May 11, 2019

Schumann and Tomoko's Turns in Life

Tomoko often performs pieces from the Romantic era, when music became more complex and expressive. This music’s themes typically touched on nature and the fantastic.  

German composers were the vanguards of Romantic music, and the Robert Schuman was considered one of the best German composers of that time.  Yet his life took several turns.

Even before formally studying music at age seven, Schuman was composing. Nevertheless, after his father died when Schumann was 16 years old, he studied law instead of music as part of the terms of his inheritance and because his surviving family did not support his musical dreams.

Schumann still took piano lessons, and his teacher thought he had a great future as a concert pianist. However, Schuman’s hand became afflicted so he focused on composing instead. There is a certain irony about Schumann’s affliction, as Tomoko points out: “Schumann can be hard to play because of the expertise needed by both hands.”

Schumann eyed blossoming pianist Clara Wieck when she was only 15 years old. Her father was strictly against their courtship, and it took almost six years of legal battling for them to marry. However, that delay motivated Schumann to write at least 138 songs in one year, inspired by his love to Clara during that delay. Clara proved to be a great business partner and confidante for Schumann. After he died at age 46, Clara performed professionally and became the main editor of his work. Tomoko praises Clara, “Schumann himself didn’t play the piano; his wife did. His wife was accomplished in everything.”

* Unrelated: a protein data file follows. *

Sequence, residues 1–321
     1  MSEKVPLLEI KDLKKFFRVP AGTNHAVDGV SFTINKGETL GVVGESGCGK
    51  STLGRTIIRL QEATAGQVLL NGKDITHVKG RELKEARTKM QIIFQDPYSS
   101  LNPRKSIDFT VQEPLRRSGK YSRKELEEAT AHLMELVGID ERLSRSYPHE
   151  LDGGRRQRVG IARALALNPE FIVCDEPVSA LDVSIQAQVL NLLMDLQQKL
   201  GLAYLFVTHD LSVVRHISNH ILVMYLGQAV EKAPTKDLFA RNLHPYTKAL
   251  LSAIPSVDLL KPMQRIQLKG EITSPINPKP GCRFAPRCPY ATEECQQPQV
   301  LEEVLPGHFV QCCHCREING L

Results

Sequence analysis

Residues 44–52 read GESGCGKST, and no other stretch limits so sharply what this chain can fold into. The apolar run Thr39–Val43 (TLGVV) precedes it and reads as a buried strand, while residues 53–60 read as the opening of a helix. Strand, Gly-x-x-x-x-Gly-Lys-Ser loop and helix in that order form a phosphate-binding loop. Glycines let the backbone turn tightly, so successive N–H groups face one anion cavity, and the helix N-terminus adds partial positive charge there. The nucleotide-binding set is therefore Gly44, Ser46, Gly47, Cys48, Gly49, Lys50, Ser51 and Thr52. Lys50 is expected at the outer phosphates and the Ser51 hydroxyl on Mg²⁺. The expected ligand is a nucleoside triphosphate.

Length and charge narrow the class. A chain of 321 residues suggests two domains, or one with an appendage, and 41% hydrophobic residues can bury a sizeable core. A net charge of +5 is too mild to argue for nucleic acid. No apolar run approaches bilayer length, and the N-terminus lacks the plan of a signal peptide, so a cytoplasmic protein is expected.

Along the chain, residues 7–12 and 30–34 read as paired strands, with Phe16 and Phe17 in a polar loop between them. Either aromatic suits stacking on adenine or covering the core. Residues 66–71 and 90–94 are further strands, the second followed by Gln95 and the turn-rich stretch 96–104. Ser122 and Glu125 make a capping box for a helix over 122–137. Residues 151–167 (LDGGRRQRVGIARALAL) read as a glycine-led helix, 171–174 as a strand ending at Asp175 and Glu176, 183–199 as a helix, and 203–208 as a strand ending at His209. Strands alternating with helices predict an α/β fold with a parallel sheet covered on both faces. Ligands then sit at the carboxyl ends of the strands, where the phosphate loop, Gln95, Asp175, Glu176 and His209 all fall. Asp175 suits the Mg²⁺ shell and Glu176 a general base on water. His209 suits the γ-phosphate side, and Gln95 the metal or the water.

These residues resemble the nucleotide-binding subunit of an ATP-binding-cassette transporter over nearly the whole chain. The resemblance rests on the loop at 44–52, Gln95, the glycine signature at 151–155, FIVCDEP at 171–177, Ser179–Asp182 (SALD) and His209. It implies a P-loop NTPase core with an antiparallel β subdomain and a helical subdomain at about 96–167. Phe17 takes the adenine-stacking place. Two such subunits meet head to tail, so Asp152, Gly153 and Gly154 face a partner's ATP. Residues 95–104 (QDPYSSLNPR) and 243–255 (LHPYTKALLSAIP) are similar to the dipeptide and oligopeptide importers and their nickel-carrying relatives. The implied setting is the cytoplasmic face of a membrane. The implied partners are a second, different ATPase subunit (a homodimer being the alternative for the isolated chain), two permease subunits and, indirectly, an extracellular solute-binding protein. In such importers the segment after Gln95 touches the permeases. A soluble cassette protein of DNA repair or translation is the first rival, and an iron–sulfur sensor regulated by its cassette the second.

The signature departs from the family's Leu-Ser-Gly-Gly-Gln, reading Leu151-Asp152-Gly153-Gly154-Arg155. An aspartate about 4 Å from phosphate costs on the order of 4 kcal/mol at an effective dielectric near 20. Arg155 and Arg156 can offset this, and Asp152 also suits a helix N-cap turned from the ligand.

About his compositions, Tomoko explains, “ “His mind becomes the melody, but it is hard to teach a student to play his music. You need a lot of spirit and imagination.” Therefore, Tomoko recommends that players should be in their thirties before attempting Schumann.

For these reasons, it is not surprising that Tomoko performs Schumann since her fingers are agile and her own spirit is so expressive. And as Tomoko’s own life has taken many turns since she was born in Japan, it is fitting that one of her favorite Schumann compositions is “Scenes from Childhood #1: From Foreign Lands and People,” which Tomoko performs on her album Baroque-20th Century, available at

April 26, 2019

Bravo for Beethoven

In comparing piano composers, Tomoko asserts: “Some composers are harder because they are more complex, such as Beethoven.” In that vein, Tomoko says that choosing pieces by composers should consider the performer’s age; “Beethoven is good for pianists in their 40s because of Beethoven’s depth and mystery.” Tomoko continues: “Beethoven’s music conveys his emotion, which was so strong inside.”

As one would suspect, Tomoko enjoys playing Beethoven compositions. When she performed with violinist Ernestine Riedel Chihuaria, their repertoire included sonatas and duos by Bach, Handel, Mozart, and Beethoven. In her CD “Bach, Beethoven, Chopin, Schumann,” Tomoko performed Beethoven’s “Fantasia in g minor B flat major, Opus 77.” (1809).

German composer Ludwig van Beethoven was born in 1770 and died in 1827. He was largely influenced by the Viennese classical tradition of Mozart and Haydn, but developed his own individual style that presaged the Romantic era – and has influenced musicians ever since.